I've said it in a previous thread, but the G26/27 pistols are truly combat-capable. Most CCW pistols are designed for a quick response defense situation, whereas the G26/27 has a capability of being an offensive weapon in the event it must be used in a drawn-out incident, such as an active-shooter scenario at a school or shopping mall. I also used to carry a Kahr PM9, and it was a very easy gun to carry off-duty. It was also very accurate and I liked it. However, a 6rd magazine and the shorter, smaller design of the weapon made it a purely defensive weapon. For a typical carry scenario, that's all you need. For me, I decided that I wanted a weapon that would allow me to engage multiple threats in an offensive, as well as defensive, capacity. My agency's policy has language in it that basically says that if I encounter a violent felony crime (aggravated assault, robbery, kidnapping, sexual assault, etc.), I'm doing it under the auspices of a police officer, and as such I have the same duties and liabilities associated with it as I would on-duty. Basically, that means that there is an assumption that if a major critical incident arises, I am obligated to get involved if I am carrying. Because of that, and the fact that I do believe in the merit of that policy, I decided that I needed to bring the proper gun to the fight.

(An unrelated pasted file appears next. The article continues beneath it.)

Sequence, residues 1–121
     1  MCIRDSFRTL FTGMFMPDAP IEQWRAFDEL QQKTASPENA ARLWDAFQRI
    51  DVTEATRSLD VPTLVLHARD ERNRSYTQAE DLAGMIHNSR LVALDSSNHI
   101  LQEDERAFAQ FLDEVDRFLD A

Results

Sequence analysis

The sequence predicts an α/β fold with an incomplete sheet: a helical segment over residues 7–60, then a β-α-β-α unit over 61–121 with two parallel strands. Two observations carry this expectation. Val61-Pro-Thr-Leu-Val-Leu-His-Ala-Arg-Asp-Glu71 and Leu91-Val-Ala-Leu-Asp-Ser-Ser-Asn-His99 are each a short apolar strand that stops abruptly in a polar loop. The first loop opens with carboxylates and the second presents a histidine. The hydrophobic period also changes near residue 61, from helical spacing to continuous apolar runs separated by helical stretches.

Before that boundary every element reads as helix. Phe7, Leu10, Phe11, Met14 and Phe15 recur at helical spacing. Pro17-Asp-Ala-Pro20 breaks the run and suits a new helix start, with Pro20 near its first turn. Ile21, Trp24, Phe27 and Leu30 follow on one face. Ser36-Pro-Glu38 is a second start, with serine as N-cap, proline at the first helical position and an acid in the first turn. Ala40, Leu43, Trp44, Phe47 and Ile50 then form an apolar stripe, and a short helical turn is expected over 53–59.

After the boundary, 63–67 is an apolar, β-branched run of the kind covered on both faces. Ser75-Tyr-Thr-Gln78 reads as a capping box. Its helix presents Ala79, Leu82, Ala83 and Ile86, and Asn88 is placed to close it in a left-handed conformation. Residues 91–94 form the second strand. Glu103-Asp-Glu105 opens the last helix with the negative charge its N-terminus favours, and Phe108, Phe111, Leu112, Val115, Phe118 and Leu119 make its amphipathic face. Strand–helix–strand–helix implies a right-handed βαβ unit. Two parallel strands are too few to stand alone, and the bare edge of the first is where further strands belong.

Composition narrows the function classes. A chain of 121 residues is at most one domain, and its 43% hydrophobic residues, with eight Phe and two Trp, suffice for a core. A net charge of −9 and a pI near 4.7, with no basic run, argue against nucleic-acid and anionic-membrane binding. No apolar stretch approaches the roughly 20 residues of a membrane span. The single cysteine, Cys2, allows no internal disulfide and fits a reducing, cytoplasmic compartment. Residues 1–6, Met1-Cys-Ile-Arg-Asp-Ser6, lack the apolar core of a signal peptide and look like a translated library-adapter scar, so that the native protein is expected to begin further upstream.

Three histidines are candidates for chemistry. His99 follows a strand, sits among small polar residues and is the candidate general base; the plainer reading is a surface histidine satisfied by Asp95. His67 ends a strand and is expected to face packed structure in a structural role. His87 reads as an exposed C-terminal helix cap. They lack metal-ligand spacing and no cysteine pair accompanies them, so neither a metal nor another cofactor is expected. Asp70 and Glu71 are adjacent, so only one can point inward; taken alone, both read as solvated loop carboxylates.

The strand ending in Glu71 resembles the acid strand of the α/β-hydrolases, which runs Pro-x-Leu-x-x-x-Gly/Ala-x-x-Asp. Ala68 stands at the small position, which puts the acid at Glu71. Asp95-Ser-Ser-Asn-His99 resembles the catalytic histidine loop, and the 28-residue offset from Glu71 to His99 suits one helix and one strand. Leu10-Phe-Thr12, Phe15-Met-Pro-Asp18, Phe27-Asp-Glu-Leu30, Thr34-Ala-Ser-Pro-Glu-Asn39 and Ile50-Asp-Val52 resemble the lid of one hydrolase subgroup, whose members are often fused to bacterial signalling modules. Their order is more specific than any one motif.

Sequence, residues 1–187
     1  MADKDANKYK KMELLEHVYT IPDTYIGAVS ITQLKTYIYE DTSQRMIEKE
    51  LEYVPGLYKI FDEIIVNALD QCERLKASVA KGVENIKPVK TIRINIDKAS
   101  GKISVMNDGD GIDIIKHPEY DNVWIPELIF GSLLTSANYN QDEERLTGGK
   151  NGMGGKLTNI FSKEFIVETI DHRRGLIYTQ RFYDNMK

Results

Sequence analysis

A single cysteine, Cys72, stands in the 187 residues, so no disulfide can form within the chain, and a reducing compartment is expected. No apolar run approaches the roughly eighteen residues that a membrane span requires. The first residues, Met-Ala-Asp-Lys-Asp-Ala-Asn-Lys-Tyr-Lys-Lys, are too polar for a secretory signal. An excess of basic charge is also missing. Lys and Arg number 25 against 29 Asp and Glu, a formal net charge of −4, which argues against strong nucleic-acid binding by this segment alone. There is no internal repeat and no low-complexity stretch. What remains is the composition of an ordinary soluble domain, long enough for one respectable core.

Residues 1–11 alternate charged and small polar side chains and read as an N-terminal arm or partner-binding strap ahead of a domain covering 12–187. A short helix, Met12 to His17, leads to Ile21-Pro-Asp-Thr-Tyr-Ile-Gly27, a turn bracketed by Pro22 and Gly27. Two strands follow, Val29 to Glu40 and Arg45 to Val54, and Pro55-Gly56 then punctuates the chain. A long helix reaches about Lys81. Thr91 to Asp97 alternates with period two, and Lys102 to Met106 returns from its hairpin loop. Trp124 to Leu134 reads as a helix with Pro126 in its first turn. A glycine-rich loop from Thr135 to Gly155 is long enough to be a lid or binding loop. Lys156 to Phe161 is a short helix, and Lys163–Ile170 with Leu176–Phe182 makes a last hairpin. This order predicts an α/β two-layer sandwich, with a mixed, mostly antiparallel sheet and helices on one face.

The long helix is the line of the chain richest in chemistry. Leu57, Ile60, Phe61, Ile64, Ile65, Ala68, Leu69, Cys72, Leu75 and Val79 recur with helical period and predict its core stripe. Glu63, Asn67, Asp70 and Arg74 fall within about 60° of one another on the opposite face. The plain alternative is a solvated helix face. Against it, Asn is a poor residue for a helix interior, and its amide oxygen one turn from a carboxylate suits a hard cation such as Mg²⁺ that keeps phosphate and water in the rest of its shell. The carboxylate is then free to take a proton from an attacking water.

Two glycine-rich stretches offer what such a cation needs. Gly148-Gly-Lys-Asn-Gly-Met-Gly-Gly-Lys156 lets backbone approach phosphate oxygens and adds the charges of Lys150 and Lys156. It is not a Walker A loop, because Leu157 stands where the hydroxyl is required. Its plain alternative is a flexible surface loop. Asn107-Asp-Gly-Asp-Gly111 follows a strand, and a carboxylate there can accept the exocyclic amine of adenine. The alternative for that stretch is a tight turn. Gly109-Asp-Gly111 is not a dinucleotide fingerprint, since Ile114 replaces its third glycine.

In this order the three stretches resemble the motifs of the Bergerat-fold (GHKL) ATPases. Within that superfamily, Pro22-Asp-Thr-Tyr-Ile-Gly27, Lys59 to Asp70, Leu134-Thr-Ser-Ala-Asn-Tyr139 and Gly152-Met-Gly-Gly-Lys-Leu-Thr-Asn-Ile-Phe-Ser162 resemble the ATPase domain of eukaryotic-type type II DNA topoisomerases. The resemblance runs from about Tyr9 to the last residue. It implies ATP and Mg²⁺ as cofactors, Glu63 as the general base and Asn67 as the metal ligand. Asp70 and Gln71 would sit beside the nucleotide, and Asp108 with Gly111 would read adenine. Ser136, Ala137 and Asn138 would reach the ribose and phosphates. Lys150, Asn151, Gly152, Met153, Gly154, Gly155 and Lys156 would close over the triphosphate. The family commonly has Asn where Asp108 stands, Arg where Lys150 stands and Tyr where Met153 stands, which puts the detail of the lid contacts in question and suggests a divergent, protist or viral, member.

I will say that the G26 is a suitable alternative, and there are two advantages that it has over the 27. First, you have an additional round in the magazine, so when you get your grip extension, you can go 11+1. Second, the recoil is less, and with the smaller size of the weapon, you will have more control. I have been able to shoot my 27 very well, but it wasn't until I started lifting weights regularly and really developed my grip and arm strength that I really became exceptional with the gun. The smaller size and added recoil of the .40 make grip strength a very important variable. Just something to think about.